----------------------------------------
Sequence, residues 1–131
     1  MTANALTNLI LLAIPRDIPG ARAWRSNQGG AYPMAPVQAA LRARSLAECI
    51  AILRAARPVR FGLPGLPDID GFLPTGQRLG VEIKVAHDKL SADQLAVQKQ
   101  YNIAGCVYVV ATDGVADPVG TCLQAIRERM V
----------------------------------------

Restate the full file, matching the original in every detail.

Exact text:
Sequence, residues 1–131
     1  MTANALTNLI LLAIPRDIPG ARAWRSNQGG AYPMAPVQAA LRARSLAECI
    51  AILRAARPVR FGLPGLPDID GFLPTGQRLG VEIKVAHDKL SADQLAVQKQ
   101  YNIAGCVYVV ATDGVADPVG TCLQAIRERM V